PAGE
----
Remember, he could do no wrong and mercifully the new Constitutional Court took off with so much excellence and integrity that the discomfort about racial bulk soon fell away.

On the morning of February 14 1995, President Mandela officially opened the Constitutional Court, with Chaskalson as the president and Mahomed as deputy president. All 11 judges took the oath of office wearing green robes. (I never did like those green robes but back then I didn’t have to; my turn was still to come.) In attendance was Dullah Omar, the minister of justice.

Once properly constituted, the new court got down to work. The very next day, the 11 justices took their seats to hear the first case – the State v Makwanyane – on whether the new constitution permitted the death penalty. Each of the 11 judges, led by Chaskalson, wrote a judgment in support of the unanimous conclusion that capital punishment was inconsistent with the ground rules of our constitutional ethos.

Chief Justice Corbett retired in 1996 and Justice Mahomed was elevated to the position of the chief justice at the Supreme Court of Appeal in Bloemfontein, a position he held until his untimely death in 2000. Justice Pius Langa filled the vacancy of deputy president at the Constitutional Court.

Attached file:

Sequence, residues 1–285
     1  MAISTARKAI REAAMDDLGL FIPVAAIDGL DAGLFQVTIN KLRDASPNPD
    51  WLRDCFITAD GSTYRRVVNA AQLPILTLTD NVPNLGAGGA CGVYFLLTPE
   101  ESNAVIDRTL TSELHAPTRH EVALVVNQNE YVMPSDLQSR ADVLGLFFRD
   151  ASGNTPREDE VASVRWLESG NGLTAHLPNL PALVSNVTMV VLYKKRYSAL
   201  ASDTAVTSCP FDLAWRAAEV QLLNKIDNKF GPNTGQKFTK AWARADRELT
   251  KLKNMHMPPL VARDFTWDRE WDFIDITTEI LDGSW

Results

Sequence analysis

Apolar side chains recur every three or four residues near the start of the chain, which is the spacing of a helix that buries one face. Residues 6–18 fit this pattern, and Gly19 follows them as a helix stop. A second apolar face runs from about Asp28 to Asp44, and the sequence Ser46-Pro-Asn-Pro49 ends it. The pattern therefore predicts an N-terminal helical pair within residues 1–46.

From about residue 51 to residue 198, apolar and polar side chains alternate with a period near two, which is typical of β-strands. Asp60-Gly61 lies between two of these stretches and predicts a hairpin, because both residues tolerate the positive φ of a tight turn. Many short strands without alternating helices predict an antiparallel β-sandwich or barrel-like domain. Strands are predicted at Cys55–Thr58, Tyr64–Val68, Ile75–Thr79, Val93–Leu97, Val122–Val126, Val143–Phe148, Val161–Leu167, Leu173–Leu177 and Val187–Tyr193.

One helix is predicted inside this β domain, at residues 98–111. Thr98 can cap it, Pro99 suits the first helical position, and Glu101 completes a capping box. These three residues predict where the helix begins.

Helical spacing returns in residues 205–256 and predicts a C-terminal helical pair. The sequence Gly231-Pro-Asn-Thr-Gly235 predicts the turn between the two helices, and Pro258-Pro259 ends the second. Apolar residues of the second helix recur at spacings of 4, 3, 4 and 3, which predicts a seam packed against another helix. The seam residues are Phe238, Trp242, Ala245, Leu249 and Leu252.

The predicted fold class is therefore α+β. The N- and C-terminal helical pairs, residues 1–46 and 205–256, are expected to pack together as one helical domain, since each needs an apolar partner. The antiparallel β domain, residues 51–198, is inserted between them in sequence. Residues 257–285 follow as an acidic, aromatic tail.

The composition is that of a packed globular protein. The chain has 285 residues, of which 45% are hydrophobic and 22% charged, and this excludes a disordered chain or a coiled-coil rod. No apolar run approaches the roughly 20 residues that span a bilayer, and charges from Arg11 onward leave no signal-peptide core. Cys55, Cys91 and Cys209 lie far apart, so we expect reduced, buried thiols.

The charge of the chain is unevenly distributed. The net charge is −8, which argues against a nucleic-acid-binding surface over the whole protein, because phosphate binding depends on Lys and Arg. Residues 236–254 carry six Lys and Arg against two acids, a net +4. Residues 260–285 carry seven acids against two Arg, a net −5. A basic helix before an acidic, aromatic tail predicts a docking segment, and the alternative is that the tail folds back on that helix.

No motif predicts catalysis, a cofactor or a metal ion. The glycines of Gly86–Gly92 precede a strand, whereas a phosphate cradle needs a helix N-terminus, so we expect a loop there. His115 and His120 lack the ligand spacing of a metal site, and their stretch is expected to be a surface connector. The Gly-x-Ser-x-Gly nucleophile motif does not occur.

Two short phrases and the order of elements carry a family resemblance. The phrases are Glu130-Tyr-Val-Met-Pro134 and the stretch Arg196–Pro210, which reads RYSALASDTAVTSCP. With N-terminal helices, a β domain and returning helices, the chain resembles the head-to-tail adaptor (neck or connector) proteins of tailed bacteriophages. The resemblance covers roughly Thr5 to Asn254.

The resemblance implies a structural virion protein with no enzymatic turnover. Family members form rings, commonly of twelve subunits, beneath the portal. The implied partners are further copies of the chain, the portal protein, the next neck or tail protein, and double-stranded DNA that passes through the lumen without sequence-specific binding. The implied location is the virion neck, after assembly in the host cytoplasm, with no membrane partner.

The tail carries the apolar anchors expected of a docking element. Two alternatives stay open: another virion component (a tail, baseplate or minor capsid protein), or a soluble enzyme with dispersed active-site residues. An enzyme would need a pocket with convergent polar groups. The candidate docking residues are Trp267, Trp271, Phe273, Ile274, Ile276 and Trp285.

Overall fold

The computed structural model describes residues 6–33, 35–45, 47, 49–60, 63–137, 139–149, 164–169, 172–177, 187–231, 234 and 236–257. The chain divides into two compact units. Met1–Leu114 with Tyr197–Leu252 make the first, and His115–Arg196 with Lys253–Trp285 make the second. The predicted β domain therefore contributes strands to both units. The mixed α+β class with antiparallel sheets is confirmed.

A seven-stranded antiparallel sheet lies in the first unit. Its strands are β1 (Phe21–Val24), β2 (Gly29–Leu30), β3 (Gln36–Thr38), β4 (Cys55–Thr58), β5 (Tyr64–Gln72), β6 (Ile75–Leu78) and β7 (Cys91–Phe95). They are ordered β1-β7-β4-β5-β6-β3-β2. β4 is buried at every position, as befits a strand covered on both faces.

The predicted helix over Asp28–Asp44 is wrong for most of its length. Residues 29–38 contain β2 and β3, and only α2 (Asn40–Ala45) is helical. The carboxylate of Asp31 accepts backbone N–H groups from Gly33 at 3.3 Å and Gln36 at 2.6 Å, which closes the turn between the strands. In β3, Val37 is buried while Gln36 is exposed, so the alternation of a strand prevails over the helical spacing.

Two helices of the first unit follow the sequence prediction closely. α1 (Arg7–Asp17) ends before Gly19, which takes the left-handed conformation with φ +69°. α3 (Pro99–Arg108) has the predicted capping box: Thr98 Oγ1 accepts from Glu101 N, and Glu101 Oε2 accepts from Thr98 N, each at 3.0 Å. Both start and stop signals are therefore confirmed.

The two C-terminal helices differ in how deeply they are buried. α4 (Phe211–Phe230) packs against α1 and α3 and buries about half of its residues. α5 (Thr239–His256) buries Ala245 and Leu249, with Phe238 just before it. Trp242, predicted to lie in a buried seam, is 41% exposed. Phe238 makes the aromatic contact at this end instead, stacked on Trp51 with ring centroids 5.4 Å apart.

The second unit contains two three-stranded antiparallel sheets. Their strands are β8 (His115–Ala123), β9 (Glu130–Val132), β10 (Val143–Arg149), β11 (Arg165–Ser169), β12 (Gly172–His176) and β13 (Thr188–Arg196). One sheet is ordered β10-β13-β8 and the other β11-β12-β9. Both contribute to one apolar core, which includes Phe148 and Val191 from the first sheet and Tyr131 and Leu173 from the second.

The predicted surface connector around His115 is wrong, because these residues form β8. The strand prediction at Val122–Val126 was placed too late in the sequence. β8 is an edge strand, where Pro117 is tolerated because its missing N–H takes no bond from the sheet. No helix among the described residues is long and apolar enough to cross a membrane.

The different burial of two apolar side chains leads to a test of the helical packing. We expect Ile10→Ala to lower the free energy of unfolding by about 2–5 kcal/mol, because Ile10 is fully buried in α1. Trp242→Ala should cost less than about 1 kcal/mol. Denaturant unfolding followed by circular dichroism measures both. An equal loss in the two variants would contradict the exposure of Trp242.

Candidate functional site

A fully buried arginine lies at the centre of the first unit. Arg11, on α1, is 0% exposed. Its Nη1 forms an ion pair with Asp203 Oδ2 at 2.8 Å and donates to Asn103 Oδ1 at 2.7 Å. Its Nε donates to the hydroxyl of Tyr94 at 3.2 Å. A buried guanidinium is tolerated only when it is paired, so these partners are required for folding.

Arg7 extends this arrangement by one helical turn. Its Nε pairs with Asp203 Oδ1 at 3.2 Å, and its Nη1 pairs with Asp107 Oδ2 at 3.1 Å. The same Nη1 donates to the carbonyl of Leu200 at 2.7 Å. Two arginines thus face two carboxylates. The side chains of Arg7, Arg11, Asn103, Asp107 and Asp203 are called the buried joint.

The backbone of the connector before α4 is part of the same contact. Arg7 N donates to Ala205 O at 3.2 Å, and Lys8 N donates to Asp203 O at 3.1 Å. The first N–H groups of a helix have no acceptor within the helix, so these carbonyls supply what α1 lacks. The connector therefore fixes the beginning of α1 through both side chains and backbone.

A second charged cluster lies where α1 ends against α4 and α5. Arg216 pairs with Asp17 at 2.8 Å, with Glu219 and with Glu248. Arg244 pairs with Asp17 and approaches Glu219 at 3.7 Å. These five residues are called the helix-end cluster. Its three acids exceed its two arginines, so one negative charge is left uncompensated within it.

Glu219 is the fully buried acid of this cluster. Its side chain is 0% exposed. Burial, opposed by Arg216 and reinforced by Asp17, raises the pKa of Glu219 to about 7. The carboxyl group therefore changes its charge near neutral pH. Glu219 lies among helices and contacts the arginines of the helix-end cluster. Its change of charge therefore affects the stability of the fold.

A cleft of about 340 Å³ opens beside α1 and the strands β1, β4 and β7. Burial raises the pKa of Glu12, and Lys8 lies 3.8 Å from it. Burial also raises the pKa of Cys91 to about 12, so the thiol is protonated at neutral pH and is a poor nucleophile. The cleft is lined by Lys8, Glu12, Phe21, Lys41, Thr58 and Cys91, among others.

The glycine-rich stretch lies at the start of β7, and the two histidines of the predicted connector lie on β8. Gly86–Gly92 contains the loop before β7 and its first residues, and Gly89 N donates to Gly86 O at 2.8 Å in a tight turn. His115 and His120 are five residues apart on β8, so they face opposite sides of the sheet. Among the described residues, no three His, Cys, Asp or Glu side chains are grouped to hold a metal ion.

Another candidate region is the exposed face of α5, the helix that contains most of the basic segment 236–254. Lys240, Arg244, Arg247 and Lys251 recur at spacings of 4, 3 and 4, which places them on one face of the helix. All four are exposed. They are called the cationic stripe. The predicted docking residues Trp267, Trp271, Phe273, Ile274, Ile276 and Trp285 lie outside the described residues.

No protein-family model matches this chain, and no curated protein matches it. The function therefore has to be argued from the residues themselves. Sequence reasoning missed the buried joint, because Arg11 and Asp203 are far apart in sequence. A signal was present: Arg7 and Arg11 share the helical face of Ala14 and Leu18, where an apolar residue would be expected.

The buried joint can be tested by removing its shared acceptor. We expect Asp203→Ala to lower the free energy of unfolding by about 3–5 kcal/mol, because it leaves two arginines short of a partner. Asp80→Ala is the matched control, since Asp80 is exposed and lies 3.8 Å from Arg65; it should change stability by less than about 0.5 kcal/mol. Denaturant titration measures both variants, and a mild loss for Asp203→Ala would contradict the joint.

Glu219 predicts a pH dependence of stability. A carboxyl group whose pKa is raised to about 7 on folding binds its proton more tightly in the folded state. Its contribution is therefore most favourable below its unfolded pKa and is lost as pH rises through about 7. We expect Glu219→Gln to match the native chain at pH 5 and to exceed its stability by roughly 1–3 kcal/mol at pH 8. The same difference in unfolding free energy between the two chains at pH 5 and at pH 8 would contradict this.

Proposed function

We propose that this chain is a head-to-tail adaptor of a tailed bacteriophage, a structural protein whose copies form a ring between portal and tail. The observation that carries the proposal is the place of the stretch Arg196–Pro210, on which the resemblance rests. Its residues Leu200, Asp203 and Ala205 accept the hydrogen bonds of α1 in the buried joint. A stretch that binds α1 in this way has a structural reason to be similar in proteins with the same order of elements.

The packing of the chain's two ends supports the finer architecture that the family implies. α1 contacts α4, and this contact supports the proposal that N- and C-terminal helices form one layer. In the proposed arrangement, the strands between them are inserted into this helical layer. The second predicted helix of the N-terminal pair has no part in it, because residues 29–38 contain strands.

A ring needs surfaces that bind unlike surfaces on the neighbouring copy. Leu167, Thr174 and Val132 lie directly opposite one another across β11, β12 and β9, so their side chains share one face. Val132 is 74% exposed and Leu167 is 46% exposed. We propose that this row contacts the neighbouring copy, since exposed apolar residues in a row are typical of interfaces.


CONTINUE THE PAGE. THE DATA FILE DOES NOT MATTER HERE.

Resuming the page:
The bench of the Constitutional Court was colourful in many admirable senses. No fewer than six of the 11 were veteran judges who had served in courts before the democratic regime but all had earned wide respect by setting themselves apart from the apartheid legal ethos. They brought their competence and big reputations to the new job and they knew it. Counsel after counsel related how difficult it often was to put in a word or argue before the court uninterrupted.

I remember well my appearance as a senior counsel before the same court in 1995. I was counsel for the minister of home affairs, Prince Mangosuthu Buthelezi, and the government of South Africa, who sought me to defend the constitutional validity of certain provisions in legislation that regulated publication. Certain provisions in the law banned or disallowed free expression of “lewd” and “indecent” materials – which was the jargon of lawyers for

My difficulty at the hearing was that I could not get a word in as the learned justices debated stridently among themselves. These were extremely clever judges who knew the answers to most of the questions the other judges asked and that they themselves asked.

  • Moseneke is former deputy chief justice. This is an extract from his latest book
    – All Rise